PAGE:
Thirty years ago, I had just been appointed chair of PHYSICAL MEDICINE AND REHABILITATION at the University of Vienna and was about to move – as the first clinical department – into the brand new AKH (General Hospital) of Vienna thus gradually enlarging the team I had taken over from about 20 to 120 co-workers. During this period, I found little time to do original research; however, I did manage to finally write up and publish a study, we had conducted several years before while I was still in Munich. As it is (almost) on the subject of so-called alternative medicine (SCAM), and as it relates to the prevention of a viral infection, I think it might be of interest to give it another outing.
Here is its abstract:
The high morbidity of common colds means that their economic importance is considerable, with colds causing more loss of productivity than any other infection. As no effective prophylaxis is available, this trial was to test the hypothesis that sauna bathing can reduce the incidence of common colds. Twenty-five volunteers were submitted to sauna bathing, with 25 controls abstaining from this or comparable procedures. In both groups the frequency, duration and severity of common colds were recorded for six months. There were significantly fewer episodes of common cold in the sauna group. This was found particularly during the last three months of the study period when the incidence was roughly halved compared to controls. The mean duration and average severity of common colds did not differ significantly between the groups. It is concluded that regular sauna bathing probably reduces the incidence of common colds, but further studies are needed to prove this.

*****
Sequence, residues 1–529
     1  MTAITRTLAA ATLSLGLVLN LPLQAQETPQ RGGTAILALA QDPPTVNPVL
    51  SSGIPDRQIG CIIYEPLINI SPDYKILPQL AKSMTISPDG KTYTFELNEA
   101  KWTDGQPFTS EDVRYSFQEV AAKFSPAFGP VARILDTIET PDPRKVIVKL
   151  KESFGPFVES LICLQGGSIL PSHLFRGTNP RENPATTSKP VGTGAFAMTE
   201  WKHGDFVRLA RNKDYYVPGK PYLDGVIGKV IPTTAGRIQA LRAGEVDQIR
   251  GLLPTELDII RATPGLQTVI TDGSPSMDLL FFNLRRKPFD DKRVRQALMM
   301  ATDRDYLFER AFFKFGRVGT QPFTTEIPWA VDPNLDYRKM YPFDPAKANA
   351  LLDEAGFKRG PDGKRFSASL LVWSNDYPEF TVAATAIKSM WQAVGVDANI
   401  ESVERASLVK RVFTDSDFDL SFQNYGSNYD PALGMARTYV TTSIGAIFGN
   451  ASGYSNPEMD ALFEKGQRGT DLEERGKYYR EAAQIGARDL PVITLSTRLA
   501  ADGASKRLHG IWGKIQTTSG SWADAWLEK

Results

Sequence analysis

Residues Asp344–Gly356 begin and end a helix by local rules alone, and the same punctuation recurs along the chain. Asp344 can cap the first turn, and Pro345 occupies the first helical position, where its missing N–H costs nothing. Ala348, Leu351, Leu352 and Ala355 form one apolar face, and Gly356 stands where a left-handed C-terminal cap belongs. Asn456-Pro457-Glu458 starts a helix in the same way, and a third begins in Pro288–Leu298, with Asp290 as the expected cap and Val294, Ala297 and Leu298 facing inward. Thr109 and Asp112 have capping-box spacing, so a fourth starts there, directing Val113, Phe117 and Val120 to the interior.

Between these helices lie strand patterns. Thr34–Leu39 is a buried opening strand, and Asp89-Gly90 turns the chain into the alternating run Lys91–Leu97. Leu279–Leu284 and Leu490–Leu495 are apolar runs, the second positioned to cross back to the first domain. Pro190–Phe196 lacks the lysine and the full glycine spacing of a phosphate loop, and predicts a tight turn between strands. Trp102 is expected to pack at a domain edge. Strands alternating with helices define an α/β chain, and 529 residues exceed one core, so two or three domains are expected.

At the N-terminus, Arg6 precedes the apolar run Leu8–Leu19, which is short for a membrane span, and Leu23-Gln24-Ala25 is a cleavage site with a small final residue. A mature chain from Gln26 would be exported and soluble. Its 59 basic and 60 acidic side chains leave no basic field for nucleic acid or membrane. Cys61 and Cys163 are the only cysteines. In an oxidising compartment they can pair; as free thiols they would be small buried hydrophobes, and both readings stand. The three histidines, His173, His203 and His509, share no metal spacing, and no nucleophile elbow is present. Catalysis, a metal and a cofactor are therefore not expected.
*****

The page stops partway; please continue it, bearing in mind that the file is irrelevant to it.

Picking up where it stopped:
In the discussion section of the paper, we stated the following:
Preventive methods with comparable efficacy have not been described in the literature (2, 12). Vitamin C is of doubtful value (7, 15, 16); vaccination is not feasible since far too many virus types exist (2, 17); virucidal kerchiefs are effective (8, 18) but not available commercially and protect only the environment of a common cold sufferer rather than the sufferer him-/herself.
I believe most of this is still true today (but I might be wrong, as I did not keep up with this particular line of research). Re-reading the paper, I find that our trial was far from optimal:
- we had to conduct it with zero funding,
- it was small,
- it was not randomised,
- it lacked objective endpoints.
Anyway, sauna bathing is most agreeable, and I can recommend it just for this reason. However, I would doubt that public saunas are a good idea during the present health crisis.
Please, stay safe!